Coffee is good and cleverly served in a modern cup-and-saucer set big enough to contain a jug of milk.  Cutlery elegant as in a tall yet delicate Somali model. 

Other breakfast options include egg with a cheese Hollandaise sauce, mushrooms and pancetta (R45); and muesli with yoghurt, honey and Italian Lemon Pound Cake.  Served until 11 am.

Lunches include roast beef on rye with pickle and crème fraiche; chourizo and chicken salad; roast veg salad; the humble peanut butter and jam sarmie; a fillet for R120 and a burger at R85. 

The tastiest sounding option is tagliatelle with an ostrich ragout (Bolognaise) for R70.  The richness of ostrich and venison make them the best minced meat for this Italian classic.  There is whole wheat vegetarian panzerotti stuffed with blue cheese, nuts and mushrooms (R75).   Closed for dinner.  Breads include sourdough, ciabatta and health bread.  Pastries and breads retailed in the deli section.   

The almond croissant R14 and a filter coffee R17. 

Tables are far apart so good for breakfast meetings.

3/5 stars over brekkie 

The mini-mall, containing art and décor upstairs may be worth a peek. On your first visit you have to hand over your identity book, which not even micro-lenders are legally entitled to do anymore. 

Otherwise full marks to the owners for rescuing and lovingly restoring this condemned building, once the Bromwell Hotel. 

A peak into Luke Dale-Roberts’ nearby The Test Kitchen reveals a warm space shunning the stuffiness and extensive menu of fine dining.  Informality is usually the best way to enjoy delicious food and to foster good conversation. 

* Understandably no-one was brave enough to vote against Taylor in the 1997 election, after he campaigned on the slogan: “He killed my ma, he killed my pa, but I will vote for him.”  Since then Ellen Johnson Sirleaf has been democratically elected Liberian president.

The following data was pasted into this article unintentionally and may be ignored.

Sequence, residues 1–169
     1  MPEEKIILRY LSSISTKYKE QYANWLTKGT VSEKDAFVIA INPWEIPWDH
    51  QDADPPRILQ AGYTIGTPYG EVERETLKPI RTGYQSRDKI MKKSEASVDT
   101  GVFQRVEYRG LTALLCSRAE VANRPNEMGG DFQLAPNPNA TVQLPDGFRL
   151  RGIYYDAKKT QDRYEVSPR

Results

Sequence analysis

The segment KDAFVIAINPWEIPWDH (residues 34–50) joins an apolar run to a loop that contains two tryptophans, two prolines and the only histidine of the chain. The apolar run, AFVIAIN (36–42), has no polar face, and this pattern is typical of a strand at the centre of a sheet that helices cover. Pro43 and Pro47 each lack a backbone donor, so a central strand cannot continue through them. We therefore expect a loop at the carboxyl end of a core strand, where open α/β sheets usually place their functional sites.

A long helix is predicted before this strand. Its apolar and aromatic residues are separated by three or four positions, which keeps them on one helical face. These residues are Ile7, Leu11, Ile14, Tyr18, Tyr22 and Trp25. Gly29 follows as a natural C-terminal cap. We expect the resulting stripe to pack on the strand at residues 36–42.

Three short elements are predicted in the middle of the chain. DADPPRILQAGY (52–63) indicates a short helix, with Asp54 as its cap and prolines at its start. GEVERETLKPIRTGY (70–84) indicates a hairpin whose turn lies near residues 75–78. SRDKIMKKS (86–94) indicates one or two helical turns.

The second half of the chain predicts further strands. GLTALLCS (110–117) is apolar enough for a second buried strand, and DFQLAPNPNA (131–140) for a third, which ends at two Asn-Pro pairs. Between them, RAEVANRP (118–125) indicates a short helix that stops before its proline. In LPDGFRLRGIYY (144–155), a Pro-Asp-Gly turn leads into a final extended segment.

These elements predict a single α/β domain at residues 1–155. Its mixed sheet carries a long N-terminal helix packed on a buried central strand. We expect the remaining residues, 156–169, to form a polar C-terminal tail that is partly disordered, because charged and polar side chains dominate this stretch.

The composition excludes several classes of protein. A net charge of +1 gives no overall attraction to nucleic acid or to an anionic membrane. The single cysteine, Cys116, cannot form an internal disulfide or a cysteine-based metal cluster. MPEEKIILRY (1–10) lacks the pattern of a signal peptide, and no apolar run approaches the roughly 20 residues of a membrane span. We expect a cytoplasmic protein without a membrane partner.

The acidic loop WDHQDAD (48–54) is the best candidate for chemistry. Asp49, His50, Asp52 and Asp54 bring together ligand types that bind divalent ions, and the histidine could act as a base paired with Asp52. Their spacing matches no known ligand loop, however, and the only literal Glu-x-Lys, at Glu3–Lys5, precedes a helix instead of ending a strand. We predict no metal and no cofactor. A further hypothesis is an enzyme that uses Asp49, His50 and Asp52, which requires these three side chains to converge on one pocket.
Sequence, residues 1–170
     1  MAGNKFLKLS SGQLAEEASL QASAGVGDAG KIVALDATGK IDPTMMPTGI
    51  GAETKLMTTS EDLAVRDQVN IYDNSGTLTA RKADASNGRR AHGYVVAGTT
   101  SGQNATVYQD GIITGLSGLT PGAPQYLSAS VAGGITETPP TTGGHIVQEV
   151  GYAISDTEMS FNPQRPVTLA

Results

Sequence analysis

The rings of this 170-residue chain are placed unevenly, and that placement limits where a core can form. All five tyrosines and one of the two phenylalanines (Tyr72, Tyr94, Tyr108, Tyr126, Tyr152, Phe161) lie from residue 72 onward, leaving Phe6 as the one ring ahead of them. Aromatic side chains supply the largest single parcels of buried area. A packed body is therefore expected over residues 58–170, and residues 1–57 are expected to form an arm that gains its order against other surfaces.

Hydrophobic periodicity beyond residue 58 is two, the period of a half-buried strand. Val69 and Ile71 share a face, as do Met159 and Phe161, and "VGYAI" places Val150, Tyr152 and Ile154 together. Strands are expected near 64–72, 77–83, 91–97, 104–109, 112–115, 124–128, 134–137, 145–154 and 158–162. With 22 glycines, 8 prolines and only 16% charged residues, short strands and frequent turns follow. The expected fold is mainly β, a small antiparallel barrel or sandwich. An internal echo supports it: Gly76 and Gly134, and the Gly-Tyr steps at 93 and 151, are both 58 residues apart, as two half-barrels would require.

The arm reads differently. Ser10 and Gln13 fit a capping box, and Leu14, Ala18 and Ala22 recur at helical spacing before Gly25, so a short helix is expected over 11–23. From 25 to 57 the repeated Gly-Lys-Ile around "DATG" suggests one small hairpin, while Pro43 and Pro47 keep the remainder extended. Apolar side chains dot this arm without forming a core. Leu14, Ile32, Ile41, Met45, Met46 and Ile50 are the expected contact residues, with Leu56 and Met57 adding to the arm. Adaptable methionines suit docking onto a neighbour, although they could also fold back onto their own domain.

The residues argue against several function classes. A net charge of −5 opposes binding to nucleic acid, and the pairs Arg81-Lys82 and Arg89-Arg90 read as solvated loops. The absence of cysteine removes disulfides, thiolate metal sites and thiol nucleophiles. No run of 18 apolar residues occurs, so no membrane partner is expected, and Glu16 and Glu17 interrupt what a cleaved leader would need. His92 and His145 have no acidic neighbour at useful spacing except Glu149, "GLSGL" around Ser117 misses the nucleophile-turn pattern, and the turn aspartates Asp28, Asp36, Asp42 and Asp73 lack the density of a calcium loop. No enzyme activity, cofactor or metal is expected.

** Desideri chocolates, which I am yet to taste, are available directly from Allegra.  Phone 082 079 8687.  Email allegro.antonino@gmail.com

Tom Robbins
Posted November 24, 2010

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2 Responses to “Bread at The Bromwell in Woodstock and those almond croissants”

  1. Tom Robbins says:

    More on truffles.
    To illustrate the price of fresh and frozen truffles I got a quote from Sagra Foods. Sagra quote: pricing ranges from R8,000 (Black Umbria or Perigord) to R37,500 (White Alba) per kg. Min order is 1 truffle ± 50g (subj avail). IQF Frozen Himalayan (Chinese) Truffles on Special – R400 ex Vat for 500g. From 25/11 till 3/12. T&C as per usual.
    I am yet to splash out on a (single) truffle from Sagra, but keen to spoil myself soon.
    Tom Robbins

  2. Tom Robbins says:

    And full marks to the waitress at French Toast Wine and Tapas Bar in Bree Street who described a tapas dish as having “truffle oil in it”. No misleading info about real truffles there.

    She was also well informed on the wines: a girl who knows her grand cru terrior from her premier cru. Staff there are being educated on eight wines a week – this could become the pub with the best wine advice in Cape Town.
    Tom Robbins